How Learning About Moral Injury Can Change How We Read the Bible

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Brad E. Kelle, Ph.D., professor of Old Testament and Hebrew in the School of Theology and Christian Ministry at PLNU, has released a new book entitled The Bible and Moral Injury: Reading Scripture Alongside War’s Unseen Wounds (Abingdon Press, 2020). The title alone prompts several questions, so Kelle (also an ordained elder in the Church of the Nazarene) talked with the Viewpoint about this new book.

VP: What inspired you to take up this project? What is your own personal experience with the topic of moral injury?

Kelle: For a long time I had been working (and wrote a couple books) on warfare in ancient Israel and the Old Testament, as well as the use of trauma theory for the interpretation of biblical texts, especially those in the prophets associated with Jerusalem’s destruction by the Babylonians and subsequent exile in 586 BCE. While working on those matters, I started to come across references to “moral injury” as related to but still different from trauma. I began to sense that this might also provide interesting insights for interpreting biblical texts, especially those related to violence, warfare, and destruction.

VP: Before we go any further, what is moral injury?

Kelle: A non-physical wound (an emotional or psychological pain) that results from the violation of a person’s core moral beliefs — about oneself, others, the world, or even God. Importantly, this violation can come from one’s own actions. But it can also result from the actions of others that affect you or that you witness, especially when someone in authority betrays their obligation to act in moral and ethical ways (or forces you to do the same). Even though it feels new in some ways, there’s already been considerable use of the Bible in works related to MI in fields such as psychology, military studies, moral philosophy, and, of course, Christian theology and pastoral care and counseling. Additionally, happily, there’s also a small but growing number of works within the specific discipline of biblical studies that have recently engaged elements of MI in dialogue with biblical interpretation.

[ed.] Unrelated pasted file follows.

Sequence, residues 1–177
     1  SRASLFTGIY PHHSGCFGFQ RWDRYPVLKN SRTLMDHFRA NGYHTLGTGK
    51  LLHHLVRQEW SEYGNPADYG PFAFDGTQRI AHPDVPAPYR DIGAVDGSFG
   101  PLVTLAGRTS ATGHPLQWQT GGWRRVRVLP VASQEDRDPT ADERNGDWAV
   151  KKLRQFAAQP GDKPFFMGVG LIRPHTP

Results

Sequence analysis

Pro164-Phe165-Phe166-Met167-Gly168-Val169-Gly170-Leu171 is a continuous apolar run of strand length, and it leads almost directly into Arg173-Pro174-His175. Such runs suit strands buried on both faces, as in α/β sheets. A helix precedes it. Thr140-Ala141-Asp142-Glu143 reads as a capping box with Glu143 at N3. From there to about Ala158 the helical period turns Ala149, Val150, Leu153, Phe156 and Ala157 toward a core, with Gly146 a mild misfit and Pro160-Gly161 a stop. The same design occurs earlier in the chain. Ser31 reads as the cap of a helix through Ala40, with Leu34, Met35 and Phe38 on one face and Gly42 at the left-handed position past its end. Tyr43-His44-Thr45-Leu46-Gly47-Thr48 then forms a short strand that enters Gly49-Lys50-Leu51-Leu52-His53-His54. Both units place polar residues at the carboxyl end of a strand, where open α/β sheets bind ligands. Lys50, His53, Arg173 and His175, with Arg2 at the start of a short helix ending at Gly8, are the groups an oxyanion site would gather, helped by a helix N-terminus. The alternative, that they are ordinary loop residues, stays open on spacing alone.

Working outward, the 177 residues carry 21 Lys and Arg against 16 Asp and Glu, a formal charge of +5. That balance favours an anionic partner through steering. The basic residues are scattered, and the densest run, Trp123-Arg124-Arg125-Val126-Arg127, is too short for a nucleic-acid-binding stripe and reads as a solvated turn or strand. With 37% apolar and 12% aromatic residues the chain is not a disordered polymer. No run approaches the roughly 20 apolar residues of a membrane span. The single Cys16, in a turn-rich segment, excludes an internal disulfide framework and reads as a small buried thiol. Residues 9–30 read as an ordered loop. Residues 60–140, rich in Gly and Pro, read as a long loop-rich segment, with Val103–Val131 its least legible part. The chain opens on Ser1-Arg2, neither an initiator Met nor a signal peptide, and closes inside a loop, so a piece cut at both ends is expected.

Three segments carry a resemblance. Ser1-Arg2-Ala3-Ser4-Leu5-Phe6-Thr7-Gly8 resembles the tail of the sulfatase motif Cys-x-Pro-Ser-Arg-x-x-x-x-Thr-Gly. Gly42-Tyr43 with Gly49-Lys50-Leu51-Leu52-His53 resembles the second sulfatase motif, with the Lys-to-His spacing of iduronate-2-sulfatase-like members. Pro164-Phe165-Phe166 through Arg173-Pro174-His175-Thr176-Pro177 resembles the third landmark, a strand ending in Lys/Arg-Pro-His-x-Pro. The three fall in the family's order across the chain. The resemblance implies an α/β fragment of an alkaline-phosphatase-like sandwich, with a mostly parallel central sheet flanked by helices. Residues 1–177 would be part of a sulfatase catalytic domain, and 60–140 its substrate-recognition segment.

An excerpt from the book says that we can use this moral injury lens to interpret the biblical texts in new ways: “We can become attuned to characters and stories that resonate with issues raised by moral injury — characters who display the characteristics of violating their moral conscience or experiencing betrayal, and stories that illustrate the consequences of and attempts to deal with these experiences.”

The cover of The Bible and Moral Injury: Reading Scripture Alongside War’s Unseen Wounds

VP: Do you have any examples of biblical stories we can look at through this moral injury lens?

Kelle: The story of King Saul (1 Samuel 9-31). Among biblical interpreters, King Saul has often been interpreted as a psychologically disturbed or tragic figure. But insights from moral injury suggest that we might read his story as the tale of a morally wounded warrior showing the effects of moral trauma on character, social trust, and personal survival. Perhaps the opening events of his reign in 1 Samuel 12-15 reveal experiences in which Saul suffered moral injury—most notably in his encounters with the authority figure Samuel. And might we then view the king’s problematic dispositions and increasingly unstable and violent actions across the remaining chapters in 1 Sam 17-31 as consequences of moral injury—negative changes in ethical behavior and attitudes, loss of spirituality, reduced trust in others and social contracts, and feelings of guilt and shame.

As we consider the dialogue between the Bible and moral injury, we study war and its injuries in order to work for peace and its possibilities.

VP: How does this change how we read this story?

Kelle: In Saul’s story, the consequences of MI manifest themselves as failed relationships with his daughters and son, distrust of his own men, suspicion of and violent rage against innocent bystanders, a spiral into despair and isolation, and, ultimately, a battlefield suicide.

The full impact of this is explained further in the book, “The goal of such interpretation isn’t to hide from these realities of war, but to face them full-on with the hope of moral repair. As we consider the dialogue between the Bible and moral injury, we study war and its injuries in order to work for peace and its possibilities.”

The interaction between these two topics is an important one — learning more about what it means to be human — and one that Kelle is inviting us to explore in this new book.

Sarah Cooper is a 2021 graduate of PLNU and a freelance writer for the Viewpoint.